A psychological doctrine concerning the attraction between mental elements or ideas, first suggested in a chapter entitled ‘Of the Association of Ideas’ that the English empiricist philosopher John Locke (1632–1704) added in 1700 to a new edition of his Essay Concerning Human Understanding, originally published in 1690, the doctrine later being elaborated by the Scottish philosopher James Mill (1773–1836) and his English son John Stuart Mill (1806–73). According to the Mills, mental experiences consist of elementary sensations when sense organs are stimulated, and ideas are thoughts and memories experienced in the absence of sensory stimulation. Ideas have a tendency to become associated with one another: complex ideas arise from the association of simple ideas, and once two ideas have become associated, it is then difficult to experience one without the other, as when the idea of redness, associated in most people's minds with warmth, tends to come to mind whenever we think of warmth. James Mill believed that the single contiguity law (elements become associated when they are close to one another in time or space) explained all mental associations and complex ideas. John Stuart Mill added the similarity law (similar ideas tend to become associated), and the frequency law (the more frequently ideas occur together, the more strongly they become associated), and also introduced what he called mental chemistry, according to which simple ideas combine to form complex ideas that are qualitatively different from their constituent elements. The Scottish mental philosopher Alexander Bain (1818–1903) was the first to suggest that behavioural actions can also form associations with ideas. See also grouping law. Compare connectionism (2).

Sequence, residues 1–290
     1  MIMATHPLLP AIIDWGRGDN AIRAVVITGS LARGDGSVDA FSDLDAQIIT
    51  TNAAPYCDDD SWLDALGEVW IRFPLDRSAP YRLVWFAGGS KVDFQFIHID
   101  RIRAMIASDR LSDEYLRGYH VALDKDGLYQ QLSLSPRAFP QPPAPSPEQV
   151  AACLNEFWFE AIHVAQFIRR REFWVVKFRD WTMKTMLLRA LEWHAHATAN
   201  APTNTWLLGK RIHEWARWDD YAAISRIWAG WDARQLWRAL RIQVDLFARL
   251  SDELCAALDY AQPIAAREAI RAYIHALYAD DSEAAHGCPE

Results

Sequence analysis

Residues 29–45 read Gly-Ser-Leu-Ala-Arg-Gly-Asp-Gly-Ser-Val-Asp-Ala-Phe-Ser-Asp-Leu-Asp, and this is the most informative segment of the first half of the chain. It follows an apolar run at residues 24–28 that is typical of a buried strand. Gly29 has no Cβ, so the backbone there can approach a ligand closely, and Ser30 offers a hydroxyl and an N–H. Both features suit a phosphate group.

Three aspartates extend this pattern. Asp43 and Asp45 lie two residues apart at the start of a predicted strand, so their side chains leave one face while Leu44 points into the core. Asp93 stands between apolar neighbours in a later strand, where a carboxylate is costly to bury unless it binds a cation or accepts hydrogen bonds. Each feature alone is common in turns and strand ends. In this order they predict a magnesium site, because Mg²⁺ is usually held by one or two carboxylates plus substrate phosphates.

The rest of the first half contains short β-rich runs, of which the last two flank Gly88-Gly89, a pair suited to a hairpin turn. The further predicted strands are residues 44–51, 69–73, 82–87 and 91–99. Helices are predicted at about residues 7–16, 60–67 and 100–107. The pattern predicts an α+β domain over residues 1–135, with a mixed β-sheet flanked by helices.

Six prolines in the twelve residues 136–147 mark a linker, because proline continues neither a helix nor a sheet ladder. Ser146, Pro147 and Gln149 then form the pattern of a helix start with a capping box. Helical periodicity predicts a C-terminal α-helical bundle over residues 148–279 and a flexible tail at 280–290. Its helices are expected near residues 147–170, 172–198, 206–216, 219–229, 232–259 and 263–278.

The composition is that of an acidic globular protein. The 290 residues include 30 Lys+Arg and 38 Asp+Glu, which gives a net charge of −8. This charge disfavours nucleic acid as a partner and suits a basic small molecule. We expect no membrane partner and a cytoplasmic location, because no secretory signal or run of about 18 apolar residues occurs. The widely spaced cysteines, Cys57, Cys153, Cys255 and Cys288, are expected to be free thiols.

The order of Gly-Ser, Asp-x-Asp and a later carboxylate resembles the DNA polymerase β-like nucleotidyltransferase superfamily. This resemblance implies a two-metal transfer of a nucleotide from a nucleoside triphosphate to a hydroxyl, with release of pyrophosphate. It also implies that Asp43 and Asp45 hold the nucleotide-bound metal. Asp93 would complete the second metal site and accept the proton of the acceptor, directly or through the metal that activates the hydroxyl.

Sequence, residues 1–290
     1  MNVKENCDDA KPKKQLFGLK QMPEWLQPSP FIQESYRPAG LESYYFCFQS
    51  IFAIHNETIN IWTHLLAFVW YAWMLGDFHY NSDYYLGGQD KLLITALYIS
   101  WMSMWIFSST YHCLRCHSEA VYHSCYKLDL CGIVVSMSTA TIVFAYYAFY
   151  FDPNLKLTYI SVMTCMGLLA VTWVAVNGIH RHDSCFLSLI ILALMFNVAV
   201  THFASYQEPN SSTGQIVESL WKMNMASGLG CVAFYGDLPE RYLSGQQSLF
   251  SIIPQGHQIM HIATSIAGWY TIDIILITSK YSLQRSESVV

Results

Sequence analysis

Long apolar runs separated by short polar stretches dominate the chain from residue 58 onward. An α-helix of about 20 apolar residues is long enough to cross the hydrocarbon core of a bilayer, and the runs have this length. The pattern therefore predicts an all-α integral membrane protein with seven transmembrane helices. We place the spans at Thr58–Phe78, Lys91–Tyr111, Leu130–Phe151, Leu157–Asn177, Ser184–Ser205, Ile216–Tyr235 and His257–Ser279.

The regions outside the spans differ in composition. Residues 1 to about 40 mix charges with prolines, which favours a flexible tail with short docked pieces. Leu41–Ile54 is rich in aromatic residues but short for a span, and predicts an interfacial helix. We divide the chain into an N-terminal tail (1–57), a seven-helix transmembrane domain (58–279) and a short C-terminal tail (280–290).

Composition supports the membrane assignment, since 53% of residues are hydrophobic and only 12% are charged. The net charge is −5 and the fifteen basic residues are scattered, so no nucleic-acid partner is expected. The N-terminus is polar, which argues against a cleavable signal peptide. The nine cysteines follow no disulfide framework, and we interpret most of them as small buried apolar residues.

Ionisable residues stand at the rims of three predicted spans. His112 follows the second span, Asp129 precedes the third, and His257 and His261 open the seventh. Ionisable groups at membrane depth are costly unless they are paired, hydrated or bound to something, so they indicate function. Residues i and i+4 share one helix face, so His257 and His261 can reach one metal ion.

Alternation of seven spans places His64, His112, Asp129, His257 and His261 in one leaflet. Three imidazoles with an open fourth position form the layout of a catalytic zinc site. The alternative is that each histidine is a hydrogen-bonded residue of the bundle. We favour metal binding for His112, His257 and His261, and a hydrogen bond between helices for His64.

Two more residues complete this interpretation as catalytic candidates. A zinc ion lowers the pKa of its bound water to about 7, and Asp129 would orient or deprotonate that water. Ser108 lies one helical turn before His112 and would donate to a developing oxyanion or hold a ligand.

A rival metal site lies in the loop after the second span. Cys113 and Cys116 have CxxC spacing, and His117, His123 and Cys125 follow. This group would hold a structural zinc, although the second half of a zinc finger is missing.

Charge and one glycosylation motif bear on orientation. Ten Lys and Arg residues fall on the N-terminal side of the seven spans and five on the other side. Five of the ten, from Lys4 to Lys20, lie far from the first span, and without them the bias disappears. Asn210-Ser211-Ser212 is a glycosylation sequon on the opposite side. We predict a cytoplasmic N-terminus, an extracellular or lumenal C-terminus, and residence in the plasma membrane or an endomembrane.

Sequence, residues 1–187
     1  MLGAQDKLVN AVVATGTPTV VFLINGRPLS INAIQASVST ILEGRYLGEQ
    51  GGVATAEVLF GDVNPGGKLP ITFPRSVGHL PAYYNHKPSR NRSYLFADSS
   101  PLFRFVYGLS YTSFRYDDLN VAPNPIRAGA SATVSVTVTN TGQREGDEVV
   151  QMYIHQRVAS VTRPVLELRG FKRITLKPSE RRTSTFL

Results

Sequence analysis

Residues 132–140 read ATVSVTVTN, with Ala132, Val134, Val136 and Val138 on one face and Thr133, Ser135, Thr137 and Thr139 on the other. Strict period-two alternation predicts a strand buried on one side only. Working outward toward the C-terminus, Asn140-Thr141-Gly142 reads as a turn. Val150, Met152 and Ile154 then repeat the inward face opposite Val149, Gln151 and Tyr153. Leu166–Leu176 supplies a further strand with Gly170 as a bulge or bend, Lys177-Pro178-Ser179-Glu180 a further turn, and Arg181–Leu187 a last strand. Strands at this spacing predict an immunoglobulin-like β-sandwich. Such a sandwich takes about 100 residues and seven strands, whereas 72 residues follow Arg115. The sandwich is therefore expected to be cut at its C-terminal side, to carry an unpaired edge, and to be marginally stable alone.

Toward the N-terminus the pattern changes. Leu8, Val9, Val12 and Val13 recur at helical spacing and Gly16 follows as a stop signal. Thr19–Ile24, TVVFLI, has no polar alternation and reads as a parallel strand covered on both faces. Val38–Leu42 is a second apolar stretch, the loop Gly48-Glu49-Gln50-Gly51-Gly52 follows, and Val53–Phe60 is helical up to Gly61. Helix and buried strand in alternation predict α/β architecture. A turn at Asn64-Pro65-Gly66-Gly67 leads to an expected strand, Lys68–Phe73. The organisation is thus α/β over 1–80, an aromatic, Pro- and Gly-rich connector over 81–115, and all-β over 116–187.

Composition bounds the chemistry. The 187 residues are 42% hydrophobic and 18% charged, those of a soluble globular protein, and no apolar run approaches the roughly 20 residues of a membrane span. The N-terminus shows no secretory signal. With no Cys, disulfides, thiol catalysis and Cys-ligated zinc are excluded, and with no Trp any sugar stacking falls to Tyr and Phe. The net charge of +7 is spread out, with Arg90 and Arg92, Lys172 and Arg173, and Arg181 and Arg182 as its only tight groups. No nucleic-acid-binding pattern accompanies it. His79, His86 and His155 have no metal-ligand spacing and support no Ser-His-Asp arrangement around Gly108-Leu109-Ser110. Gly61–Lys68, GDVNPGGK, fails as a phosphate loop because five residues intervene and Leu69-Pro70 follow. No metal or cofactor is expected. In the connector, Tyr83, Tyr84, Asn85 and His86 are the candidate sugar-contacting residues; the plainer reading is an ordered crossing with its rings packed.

Subjects: Psychology — Philosophy.